All of the previous examples have been pretty mild examples but these ones are a little worse. One person has commented on how I look very often and has stared at me while saying these things. My weight has been guessed with a sarcastic undertone. Again, you’d never say these things to a larger person and I’m pretty sure it’s still not appropriate for a smaller person either. Another day, I was saying how I was excited to get home because I was hungry and the conversation proceeded as follows:
Person: Well if you don’t eat, you’ll probably lose another kilo or two
Me: I don’t want to lose weight, why would I want to?
Person: You must shop at children’s stores, I don’t know how you find clothes.
Me: No I don’t, I’m not that small. Plus I’d never be able to find pants that would fit over my calves and thighs there. They’re too muscular.
All I said was that I was hungry and somehow we were discussing my body again. I’d also like to point out as a side note that because of society’s shift towards accepting overweight as the more average person, sizes have been changing in stores. I don’t want to shame larger people or make anyone feel bad about themselves. I have been reading about this lately because I’ve been thinking about it. Why, as a society, are we ok with shifting norms to accommodate unhealthy lifestyles instead of promoting more healthy ones? Why does obesity in children exist? We should be worried about where the future is headed that this is how we deal with people going into more unhealthy norm. It becomes a slippery slope of avoiding the problem to make people feel better about themselves. It’s an extreme but in a small way, we are headed towards being the people in WALL-E who don’t walk anywhere because they don’t have to. I understand that there are people with medical problems who have unavoidable weight control problems. Again, I don’t want to be guilty of sizeism here either because that would be terribly ironic but I swear this is coming full circle. Have any of you noticed in the past few years that you’ve mysteriously gone down a size or two? Clothing companies have been adjusting their sizes to have the same number sizes but with larger measurements. I have trouble finding pants in stores sometimes now because of the accommodation of larger people and not wanting to make people feel bad about the size they have to wear. My question in all of this has always been what the people smaller than me do. I’m by no means a true size 0. Those people very well could have to shop in a children’s store because of sizeism. It’s not intentional, but the very small people have been discriminated against for being small. No one should be excluded from anything based on size – large or small.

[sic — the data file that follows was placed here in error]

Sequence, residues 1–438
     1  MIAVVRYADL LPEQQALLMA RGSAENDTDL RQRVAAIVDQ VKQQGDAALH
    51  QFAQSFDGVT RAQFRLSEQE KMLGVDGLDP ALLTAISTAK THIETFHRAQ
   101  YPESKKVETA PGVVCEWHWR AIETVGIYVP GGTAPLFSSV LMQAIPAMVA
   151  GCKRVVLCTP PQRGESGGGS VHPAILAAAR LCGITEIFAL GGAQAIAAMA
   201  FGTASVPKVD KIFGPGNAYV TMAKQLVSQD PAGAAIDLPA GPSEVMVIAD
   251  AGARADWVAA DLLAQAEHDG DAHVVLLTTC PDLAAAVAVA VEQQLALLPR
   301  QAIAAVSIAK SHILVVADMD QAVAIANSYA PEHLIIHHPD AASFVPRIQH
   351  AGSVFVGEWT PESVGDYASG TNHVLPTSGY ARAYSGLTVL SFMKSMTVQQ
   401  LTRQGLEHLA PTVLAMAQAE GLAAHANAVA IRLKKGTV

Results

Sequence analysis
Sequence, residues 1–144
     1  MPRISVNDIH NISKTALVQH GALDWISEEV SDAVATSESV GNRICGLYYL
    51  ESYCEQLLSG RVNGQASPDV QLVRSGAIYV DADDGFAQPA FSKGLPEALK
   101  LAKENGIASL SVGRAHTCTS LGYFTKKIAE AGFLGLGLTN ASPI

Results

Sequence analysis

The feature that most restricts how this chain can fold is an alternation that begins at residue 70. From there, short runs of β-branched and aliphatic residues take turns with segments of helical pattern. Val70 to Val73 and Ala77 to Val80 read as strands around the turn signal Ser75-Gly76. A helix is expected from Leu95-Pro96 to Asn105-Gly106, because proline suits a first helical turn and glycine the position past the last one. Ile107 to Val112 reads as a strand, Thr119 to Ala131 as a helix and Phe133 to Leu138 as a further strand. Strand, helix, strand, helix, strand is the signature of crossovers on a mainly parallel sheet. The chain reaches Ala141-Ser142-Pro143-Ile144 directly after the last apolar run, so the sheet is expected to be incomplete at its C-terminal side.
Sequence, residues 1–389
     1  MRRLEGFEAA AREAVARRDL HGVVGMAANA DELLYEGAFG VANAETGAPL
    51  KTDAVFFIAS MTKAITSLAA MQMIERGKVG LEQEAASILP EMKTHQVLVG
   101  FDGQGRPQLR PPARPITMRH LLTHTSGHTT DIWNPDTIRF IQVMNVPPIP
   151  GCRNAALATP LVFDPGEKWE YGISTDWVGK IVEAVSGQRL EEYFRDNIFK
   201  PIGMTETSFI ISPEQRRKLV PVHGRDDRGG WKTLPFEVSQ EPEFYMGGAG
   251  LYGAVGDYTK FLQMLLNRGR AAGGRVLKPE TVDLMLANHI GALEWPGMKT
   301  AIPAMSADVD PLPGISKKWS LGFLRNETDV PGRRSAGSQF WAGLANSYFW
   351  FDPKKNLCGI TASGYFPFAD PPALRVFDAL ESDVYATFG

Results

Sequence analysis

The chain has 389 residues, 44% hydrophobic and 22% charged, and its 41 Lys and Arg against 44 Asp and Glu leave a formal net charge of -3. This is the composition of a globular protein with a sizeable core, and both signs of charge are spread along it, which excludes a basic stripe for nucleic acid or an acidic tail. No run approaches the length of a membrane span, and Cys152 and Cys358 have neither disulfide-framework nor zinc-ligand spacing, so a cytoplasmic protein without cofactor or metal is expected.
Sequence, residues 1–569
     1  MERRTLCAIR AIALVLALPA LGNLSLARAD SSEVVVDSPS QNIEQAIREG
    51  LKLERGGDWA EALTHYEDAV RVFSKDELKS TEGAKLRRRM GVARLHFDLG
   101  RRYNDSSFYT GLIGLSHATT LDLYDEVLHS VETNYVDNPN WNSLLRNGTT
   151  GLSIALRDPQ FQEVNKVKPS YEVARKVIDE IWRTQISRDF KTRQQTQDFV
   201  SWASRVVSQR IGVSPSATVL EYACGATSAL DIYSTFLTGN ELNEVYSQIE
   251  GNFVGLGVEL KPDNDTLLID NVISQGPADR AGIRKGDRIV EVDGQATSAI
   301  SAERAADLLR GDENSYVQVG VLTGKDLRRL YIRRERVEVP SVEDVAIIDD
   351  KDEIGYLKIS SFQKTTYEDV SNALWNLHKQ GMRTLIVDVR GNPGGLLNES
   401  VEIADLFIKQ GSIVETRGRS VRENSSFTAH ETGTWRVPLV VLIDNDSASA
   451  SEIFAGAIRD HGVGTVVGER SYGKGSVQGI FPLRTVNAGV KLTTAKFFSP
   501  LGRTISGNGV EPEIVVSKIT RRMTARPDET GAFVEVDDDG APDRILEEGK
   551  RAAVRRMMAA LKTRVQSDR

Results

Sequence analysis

Lastly, the worst one I’ve come across lately. I made a mistake last week and someone was speaking to me about it. I was asked if I was eating breakfast in the mornings and if that could be why I did what I did. The tone she said it in was accusatory and I was pretty taken aback. Anyone who knows me knows that if I don’t eat, I’m your worst nightmare. I brushed it off but another comment was made after this incident. I was asked if I had lost weight because I look “so skinny”. Again, the way it was asked was accusatory and concerned. I haven’t lost weight, by the way. There were just comments about how I was potentially not healthy or not eating. I’ll use the opposite scenario one more time, you wouldn’t ask if someone gained weight in a mean tone- not ok. Had the comment been something along the lines of “have you been working out more? You look terrific” it would change the connotations completely. But I don’t think accusing people of not eating is ok. I run, I work out and I eat healthy. There is nothing wrong with that!
Instead of totally focusing on the bad, there have also been some positive experiences! Two co-workers have taken quite an interest in how my running is going. One asked me how I looked so athletic or fit and wants to get more into running. The other is an experienced runner and told me that I should stay exactly as I am and to eat lots! I don’t want to dwell on negative comments. What I wish is that everyone could try and make one small change to aim themselves towards a healthier lifestyle. Don’t chalk someone’s success up to one thing they are doing. It is a process, sometimes you will succeed, sometimes you will slip up and fail. This is ok; it’s a normal part of life.
I’ll leave you all with a few thoughts for being patient and reading a little more into what I’ve been thinking lately. You can go out there and find time to take care of yourself. My favourite quote is “No matter how busy you are, there is always someone busier doing more than you”. You deserve the time for yourself even if it means sacrificing some time elsewhere in your life. Eating healthy can be accomplished by making small changes in your diet. Try cutting down the number of desserts you eat in a week, or how many times you decide you “need” seconds. Lastly, be considerate of others. Never judge someone because of what you think. Sometimes you can mean well but it depends on the delivery of what your saying. I am very comfortable with myself but there are people who aren’t, and they might not be able to brush things off easily.
Runners come in all shapes and forms and no one should be judged for how they look. You can be tall, skinny, short, fat, lanky, stout, whatever. What matters is that you’re doing something for YOU and it doesn’t matter if it makes someone else happy.